Local banana merchant
So few of us know true hunger. We know discomfort and growling stomachs. We are familiar with picky eaters who refuse what is set before them. We are accustomed to nearly unlimited food choices. It is foreign to us that our children may some day be hungry. And we mean TRULY hungry.
During our time in Haiti last week, Fr. Sadoni shared a heart-wrenching story about a conversation he had with his mother. His mother is one of the cooks at St. Vincent’s. She and a handful of other dedicated women are responsible for making mountains out of molehills, stretching the food budget as far as it can go to feed all 250 students, teaching staff and administrators at the school. (This has been especially challenging since September, 2012 when St. Vincent’s food donor ended all distributions in Haiti.)
In recent months, his mother came to Fr. Sadoni to ask for money to prepare meals for the children. With tears in his eyes, he told her there simply was none.
Nothing. 250 young mouths to feed and the answer was none. It breaks our hearts to see our friends hurting.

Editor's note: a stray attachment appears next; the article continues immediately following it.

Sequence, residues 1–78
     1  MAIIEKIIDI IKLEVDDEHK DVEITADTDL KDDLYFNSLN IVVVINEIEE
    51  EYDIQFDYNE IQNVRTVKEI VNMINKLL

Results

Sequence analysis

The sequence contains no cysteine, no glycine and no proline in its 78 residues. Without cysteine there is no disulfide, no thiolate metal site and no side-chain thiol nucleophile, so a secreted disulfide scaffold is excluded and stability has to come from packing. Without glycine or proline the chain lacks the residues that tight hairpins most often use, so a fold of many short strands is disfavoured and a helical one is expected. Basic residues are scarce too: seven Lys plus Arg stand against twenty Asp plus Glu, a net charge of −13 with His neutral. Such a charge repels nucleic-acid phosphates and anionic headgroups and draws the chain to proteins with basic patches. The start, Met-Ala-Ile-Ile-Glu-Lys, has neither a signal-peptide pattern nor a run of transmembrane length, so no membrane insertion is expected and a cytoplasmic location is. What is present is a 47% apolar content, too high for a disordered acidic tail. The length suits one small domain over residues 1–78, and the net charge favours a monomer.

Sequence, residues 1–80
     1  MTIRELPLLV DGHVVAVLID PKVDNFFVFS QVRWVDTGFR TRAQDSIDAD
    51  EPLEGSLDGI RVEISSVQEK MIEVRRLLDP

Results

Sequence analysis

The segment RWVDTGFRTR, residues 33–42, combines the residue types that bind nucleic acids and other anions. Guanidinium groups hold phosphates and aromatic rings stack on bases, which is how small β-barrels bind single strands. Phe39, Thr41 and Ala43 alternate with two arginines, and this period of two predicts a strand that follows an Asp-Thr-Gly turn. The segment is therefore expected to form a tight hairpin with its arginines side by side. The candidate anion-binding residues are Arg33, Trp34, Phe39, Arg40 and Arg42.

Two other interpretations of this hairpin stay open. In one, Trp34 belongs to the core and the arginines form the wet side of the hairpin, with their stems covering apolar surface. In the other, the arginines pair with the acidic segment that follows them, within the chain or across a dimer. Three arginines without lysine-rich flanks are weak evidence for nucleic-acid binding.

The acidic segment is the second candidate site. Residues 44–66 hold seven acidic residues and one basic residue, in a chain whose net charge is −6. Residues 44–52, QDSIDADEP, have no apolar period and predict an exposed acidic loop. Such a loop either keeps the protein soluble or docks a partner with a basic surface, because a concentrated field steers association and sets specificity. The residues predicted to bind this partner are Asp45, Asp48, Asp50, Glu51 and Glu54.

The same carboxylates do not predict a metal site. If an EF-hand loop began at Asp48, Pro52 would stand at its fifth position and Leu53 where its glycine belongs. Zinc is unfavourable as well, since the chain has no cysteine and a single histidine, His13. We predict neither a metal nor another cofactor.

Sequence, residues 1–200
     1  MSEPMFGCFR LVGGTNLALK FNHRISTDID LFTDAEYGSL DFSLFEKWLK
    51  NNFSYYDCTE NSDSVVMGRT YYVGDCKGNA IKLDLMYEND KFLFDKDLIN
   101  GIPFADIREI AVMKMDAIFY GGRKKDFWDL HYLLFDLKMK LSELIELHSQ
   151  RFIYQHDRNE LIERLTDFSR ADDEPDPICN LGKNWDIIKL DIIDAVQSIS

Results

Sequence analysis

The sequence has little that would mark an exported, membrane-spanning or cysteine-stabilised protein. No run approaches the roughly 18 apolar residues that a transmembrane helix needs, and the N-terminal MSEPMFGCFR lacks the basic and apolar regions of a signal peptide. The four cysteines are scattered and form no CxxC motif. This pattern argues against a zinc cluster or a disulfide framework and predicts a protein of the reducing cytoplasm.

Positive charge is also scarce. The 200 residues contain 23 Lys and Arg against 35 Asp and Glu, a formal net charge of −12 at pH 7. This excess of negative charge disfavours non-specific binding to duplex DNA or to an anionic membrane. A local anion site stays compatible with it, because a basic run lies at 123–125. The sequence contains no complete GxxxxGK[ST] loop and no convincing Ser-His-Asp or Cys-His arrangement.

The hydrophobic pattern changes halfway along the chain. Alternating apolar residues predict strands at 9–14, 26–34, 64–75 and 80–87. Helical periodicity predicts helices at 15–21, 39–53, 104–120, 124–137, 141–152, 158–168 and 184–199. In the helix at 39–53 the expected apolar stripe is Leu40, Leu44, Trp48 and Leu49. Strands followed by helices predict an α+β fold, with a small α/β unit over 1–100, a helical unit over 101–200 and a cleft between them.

Thankfully, the food situation has improved. Students are currently receiving beans & rice twice a day. On Tuesdays, Thursdays and Saturdays they receive a third meal. The Red Thread Promise has committed to supplement this meal plan by providing weekly snacks to all children, teachers and administrators through the end of the school year. Snacks will be nutritious and we will support the local economy by purchasing fresh fruit in Haiti.
The weekly cost of snacks is $250 ($0.83 per person), less than one cup of coffee or an order of value-size French fries. We’re challenging you, our supporters, to provide a snack attack for these precious kids. This one small gift is the equivalent of a hug or an “I love you” they will feel on a weekly basis.
The total cost of the project is $2500, covering the last 10 weeks of the school year. Thank you for helping to keep the students of St. Vincent’s nourished so they can learn and the teaching staff nourished so they can continue to teach and run the school in the most productive manner possible.
St. Vincent's students